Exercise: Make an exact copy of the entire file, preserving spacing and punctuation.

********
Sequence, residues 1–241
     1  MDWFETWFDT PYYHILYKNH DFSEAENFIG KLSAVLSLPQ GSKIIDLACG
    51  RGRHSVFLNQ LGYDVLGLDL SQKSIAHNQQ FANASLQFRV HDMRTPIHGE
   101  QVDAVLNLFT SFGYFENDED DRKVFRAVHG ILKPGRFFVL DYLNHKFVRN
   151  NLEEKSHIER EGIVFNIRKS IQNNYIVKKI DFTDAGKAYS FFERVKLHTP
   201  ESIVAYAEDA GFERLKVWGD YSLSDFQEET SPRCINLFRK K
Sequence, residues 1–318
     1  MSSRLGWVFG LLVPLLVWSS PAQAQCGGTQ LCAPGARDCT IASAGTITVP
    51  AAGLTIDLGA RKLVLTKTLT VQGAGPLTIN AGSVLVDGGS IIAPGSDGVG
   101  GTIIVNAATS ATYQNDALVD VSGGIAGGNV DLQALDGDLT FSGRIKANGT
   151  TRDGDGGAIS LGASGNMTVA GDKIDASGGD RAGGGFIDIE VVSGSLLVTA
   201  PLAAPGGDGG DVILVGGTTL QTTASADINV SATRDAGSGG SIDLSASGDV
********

Sequence, residues 1–241
     1  MDWFETWFDT PYYHILYKNH DFSEAENFIG KLSAVLSLPQ GSKIIDLACG
    51  RGRHSVFLNQ LGYDVLGLDL SQKSIAHNQQ FANASLQFRV HDMRTPIHGE
   101  QVDAVLNLFT SFGYFENDED DRKVFRAVHG ILKPGRFFVL DYLNHKFVRN
   151  NLEEKSHIER EGIVFNIRKS IQNNYIVKKI DFTDAGKAYS FFERVKLHTP
   201  ESIVAYAEDA GFERLKVWGD YSLSDFQEET SPRCINLFRK K
Sequence, residues 1–318
     1  MSSRLGWVFG LLVPLLVWSS PAQAQCGGTQ LCAPGARDCT IASAGTITVP
    51  AAGLTIDLGA RKLVLTKTLT VQGAGPLTIN AGSVLVDGGS IIAPGSDGVG
   101  GTIIVNAATS ATYQNDALVD VSGGIAGGNV DLQALDGDLT FSGRIKANGT
   151  TRDGDGGAIS LGASGNMTVA GDKIDASGGD RAGGGFIDIE VVSGSLLVTA
   201  PLAAPGGDGG DVILVGGTTL QTTASADINV SATRDAGSGG SIDLSASGDV